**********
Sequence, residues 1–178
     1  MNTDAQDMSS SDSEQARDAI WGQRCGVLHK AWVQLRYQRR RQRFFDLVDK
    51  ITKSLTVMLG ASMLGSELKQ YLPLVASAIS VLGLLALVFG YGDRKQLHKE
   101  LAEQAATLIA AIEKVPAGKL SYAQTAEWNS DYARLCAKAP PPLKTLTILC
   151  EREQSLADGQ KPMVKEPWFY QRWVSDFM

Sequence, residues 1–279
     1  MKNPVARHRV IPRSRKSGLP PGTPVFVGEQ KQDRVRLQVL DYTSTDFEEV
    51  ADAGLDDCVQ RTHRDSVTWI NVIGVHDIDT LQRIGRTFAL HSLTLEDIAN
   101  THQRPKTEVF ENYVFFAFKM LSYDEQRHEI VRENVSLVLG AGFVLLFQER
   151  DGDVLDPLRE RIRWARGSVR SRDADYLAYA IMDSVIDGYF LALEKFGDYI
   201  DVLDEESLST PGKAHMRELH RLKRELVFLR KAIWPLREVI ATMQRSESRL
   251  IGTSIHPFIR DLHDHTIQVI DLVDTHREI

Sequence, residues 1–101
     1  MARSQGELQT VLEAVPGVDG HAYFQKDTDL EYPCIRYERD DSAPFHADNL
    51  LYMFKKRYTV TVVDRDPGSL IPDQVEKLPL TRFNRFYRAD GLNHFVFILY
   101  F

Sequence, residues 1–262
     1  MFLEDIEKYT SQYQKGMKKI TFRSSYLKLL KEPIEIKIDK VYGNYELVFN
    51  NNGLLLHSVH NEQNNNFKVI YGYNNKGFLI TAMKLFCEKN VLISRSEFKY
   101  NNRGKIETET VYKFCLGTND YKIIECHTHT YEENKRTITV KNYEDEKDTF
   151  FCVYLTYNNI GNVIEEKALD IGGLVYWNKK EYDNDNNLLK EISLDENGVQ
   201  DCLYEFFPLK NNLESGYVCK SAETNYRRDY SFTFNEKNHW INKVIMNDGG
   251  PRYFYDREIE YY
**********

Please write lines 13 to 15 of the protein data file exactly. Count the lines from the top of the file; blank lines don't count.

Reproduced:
Sequence, residues 1–101
     1  MARSQGELQT VLEAVPGVDG HAYFQKDTDL EYPCIRYERD DSAPFHADNL
    51  LYMFKKRYTV TVVDRDPGSL IPDQVEKLPL TRFNRFYRAD GLNHFVFILY